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NCJ Number: NCJ 240986     Find in a Library
Title: DNA and Property Crimes
Corporate Author: National Institute of Justice
US Department of Justice
Office of Justice Programs
United States of America
Date Published: 07/2010
Page Count: 0
Document: HTML 
Type: Report (Study/Research) ; Report (Summary)
Language: English
Country: United States of America
Annotation: Findings are summarized from an NIJ-sponsored five-city field study of the effectiveness of performing DNA analysis on biological evidence collected from property-crime scenes.
Abstract: The research shows that collecting DNA evidence at property-crime scenes, such as burglaries, is cost-effective and dramatically increases the number of suspects identified. The averaging of outcomes from the five sites found that suspect identifications and arrests doubled; cases accepted for prosecutions doubled; the suspects arrested through DNA identifications were more dangerous than offenders arrested through traditional investigations; and DNA was twice as effective in identifying suspects compared to fingerprints. Trends that favor the use of DNA collection and analysis at property-crime scenes are the declining costs of performing DNA analysis of biological evidence collected from crime scenes. Also, new technologies are more widely distributed, and the criminal justice system is learning to use DNA evidence more effectively. The five jurisdictions participating in the study were Los Angeles, CA; Topeka, KS; Denver, CO; Phoenix, AZ; and Orange County, CA.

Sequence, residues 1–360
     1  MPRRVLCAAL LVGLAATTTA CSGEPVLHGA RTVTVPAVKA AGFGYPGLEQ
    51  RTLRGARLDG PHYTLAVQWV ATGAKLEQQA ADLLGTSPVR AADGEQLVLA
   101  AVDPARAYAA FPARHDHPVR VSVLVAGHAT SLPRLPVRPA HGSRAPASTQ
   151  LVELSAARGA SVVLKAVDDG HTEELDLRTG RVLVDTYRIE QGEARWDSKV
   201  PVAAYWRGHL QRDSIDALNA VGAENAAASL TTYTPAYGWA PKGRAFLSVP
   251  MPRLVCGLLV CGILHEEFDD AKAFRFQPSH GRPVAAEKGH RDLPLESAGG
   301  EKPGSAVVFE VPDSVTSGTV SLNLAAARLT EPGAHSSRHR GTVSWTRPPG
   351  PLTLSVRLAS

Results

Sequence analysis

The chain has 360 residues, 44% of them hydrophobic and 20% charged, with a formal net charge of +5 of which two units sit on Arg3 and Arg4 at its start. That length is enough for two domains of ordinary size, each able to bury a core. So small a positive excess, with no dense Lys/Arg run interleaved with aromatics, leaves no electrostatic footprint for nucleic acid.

Main Term(s): Police research
Index Term(s): Burglary ; Police effectiveness ; Property crimes ; Suspect identification ; DNA fingerprinting
   
  To cite this abstract, use the following link:
https://www.ncjrs.gov/App/Publications/abstract.aspx?ID=263074

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